Never Alone (Kisima Ingitchuna) is an action platform game with puzzle elements. It is developed in collaboration with the Iñupiat, the Alaskan Native people and the game's story is based on a local tale called Kunuuksaayuka. There is an optional educational element to the game as 24 cultural insights videos are unlocked by locating owls in the game. These videos contains interviews and provide information about the local culture, geography and history. The player controls the Iñupiat girl Nuna together with an arctic fox as they search out the source of an eternal blizzard that threatens their town. The girl meets the fox early on and a villain also appears soon. The game can be played cooperatively locally with two players each controlling a character. When playing alone it is possible to switch between the two characters at any time with the AI taking over for the other one, except for puzzle sequences where cooperation is required.
Nuna is controlled with typical platform gameplay such as walking around, jumping, climbing ledges etc. The fox is able to do that as well, but they each have different abilities. The girl is the only one who can push or pull objects, mainly cages. Early on she acquires Bola, a type of magic that allows her to interact with certain parts of the environment to remove obstacles. The bola is charged and can then be swung in any direction. The bola is also used against certain creatures and can turn floating, white particles into magic platforms. The fox is more agile; he can jump higher, scramble up walls and do a series of wall jumps to get to a higher part. Later in the game the fox can also fly and use an ability to guide the magic platforms and interact with the environment. Nuna can climb ladders and uses ropes to swing. To solve the environment based puzzles cooperation between the two characters is often required.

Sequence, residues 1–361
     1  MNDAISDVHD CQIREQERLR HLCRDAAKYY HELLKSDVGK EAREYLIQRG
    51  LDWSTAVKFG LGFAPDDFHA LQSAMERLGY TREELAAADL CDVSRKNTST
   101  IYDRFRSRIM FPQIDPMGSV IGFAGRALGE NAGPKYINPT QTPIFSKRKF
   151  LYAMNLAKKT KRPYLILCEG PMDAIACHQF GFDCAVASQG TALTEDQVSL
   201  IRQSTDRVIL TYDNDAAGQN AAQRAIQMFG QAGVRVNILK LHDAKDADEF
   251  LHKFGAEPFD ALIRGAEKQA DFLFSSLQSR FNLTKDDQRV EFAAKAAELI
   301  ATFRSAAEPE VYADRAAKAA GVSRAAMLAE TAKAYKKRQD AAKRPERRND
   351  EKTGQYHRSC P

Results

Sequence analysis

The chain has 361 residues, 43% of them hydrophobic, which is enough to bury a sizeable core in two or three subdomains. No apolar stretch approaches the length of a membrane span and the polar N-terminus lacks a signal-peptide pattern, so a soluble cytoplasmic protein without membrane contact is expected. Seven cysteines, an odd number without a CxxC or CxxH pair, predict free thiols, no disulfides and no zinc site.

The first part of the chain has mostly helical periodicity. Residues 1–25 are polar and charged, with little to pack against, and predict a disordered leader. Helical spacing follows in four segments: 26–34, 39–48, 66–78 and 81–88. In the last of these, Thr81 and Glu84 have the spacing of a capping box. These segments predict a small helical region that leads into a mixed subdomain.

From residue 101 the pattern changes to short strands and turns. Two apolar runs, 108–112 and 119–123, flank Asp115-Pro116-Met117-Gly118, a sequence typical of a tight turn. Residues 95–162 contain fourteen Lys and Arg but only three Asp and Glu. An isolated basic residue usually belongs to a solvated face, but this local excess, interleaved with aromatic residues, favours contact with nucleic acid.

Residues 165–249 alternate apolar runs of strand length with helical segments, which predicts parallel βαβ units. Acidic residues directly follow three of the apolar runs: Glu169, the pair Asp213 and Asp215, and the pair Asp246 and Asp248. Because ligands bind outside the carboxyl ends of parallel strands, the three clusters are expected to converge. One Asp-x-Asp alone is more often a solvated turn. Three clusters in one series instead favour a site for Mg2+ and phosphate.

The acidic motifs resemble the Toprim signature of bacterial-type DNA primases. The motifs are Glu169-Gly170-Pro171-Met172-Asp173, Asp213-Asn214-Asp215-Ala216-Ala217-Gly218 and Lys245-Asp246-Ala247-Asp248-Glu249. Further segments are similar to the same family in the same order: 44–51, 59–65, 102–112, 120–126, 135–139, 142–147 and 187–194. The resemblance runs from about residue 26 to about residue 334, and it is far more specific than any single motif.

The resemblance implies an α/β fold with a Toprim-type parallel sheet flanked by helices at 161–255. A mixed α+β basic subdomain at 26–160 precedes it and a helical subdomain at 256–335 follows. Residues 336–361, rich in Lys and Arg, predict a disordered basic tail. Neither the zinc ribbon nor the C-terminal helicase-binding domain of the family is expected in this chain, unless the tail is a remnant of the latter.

Gameplay elements include chase sequences and the blizzard's wind also plays an important role. The characters need to brace themselves to prevent from being pushed back. The wind is also used to solve puzzles. A strong gust provides the force needed to cross large gaps and this often needs to be used. Between chapters the story is told through cut-scene sequences and narrated by a storyteller in the spoken Iñupiaq language. Regular checkpoints are used and when one of the two characters dies, the game automatically restarts at the latest checkpoint.